1.3 This standard does not purport to address all of the safety concerns, if any, associated with its use. It is the responsibility of the user of this standard to establish appropriate safety, health, and environmental practices and determine the applicability of regulatory limitations prior to use.

1.4 This international standard was developed in accordance with internationally recognized principles on standardization established in the Decision on Principles for the Development of International Standards, Guides and Recommendations issued by the World Trade Organization Technical Barriers to Trade (TBT) Committee.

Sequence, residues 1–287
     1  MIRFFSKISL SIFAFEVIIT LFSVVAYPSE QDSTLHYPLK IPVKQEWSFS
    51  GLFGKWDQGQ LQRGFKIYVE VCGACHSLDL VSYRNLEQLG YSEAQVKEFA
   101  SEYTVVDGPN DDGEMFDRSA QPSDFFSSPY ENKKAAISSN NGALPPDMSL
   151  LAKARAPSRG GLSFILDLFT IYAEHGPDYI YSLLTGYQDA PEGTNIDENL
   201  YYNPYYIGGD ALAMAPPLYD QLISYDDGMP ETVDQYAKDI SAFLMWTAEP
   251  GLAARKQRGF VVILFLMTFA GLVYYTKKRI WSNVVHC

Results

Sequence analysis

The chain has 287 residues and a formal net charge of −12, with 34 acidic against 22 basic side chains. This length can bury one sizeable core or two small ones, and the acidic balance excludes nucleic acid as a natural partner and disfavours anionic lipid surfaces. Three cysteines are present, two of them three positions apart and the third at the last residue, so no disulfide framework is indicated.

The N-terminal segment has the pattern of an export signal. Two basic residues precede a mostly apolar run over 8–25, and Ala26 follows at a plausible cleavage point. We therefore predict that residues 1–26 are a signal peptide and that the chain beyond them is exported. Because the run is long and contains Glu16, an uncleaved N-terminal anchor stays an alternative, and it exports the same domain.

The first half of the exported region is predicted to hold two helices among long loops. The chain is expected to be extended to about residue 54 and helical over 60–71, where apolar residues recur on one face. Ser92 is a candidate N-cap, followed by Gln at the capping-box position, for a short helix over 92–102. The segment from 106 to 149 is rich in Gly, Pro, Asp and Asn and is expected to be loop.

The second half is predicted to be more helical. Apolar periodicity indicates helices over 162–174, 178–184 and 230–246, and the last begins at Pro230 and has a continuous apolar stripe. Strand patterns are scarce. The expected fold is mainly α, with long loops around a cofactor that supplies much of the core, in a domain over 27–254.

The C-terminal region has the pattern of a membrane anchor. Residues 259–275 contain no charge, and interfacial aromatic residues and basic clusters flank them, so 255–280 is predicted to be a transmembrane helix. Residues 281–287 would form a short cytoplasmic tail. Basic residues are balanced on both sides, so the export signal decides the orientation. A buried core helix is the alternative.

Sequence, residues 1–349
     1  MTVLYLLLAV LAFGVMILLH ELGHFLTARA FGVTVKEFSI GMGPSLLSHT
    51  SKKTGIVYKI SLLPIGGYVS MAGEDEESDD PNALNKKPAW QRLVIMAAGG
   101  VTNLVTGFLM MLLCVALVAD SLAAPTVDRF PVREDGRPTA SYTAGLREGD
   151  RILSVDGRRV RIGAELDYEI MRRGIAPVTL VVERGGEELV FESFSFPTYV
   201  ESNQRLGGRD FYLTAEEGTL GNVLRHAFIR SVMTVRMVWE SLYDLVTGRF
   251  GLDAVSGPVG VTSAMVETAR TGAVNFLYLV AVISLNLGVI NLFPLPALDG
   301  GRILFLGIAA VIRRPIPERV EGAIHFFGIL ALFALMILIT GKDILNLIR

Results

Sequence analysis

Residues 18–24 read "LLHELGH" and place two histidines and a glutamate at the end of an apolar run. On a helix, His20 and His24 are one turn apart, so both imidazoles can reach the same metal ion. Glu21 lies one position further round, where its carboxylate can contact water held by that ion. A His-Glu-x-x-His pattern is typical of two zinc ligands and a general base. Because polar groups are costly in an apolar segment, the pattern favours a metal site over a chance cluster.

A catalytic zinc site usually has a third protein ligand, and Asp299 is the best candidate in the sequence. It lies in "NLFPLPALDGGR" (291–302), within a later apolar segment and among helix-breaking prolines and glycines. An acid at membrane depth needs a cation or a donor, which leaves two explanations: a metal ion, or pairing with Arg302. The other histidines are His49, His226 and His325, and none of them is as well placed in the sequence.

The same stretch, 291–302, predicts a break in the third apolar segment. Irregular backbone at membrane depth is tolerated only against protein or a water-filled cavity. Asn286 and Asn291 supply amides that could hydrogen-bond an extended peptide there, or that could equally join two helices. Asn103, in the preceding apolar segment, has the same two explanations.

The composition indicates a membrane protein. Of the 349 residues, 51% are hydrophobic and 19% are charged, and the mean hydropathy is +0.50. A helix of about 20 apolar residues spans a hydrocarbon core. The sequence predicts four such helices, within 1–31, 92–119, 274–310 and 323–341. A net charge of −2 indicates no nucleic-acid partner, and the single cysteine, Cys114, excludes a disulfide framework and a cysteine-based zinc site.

Contact Sales
Reprints and Permissions
Reprints and copyright permissions can be requested through the
Copyright Clearance Center
Book of Standards Volume: 03.04
Developed by Subcommittee: E07.06
Pages: 9
DOI: 10.1520/E3081-21
ICS Code: 17.160; 19.100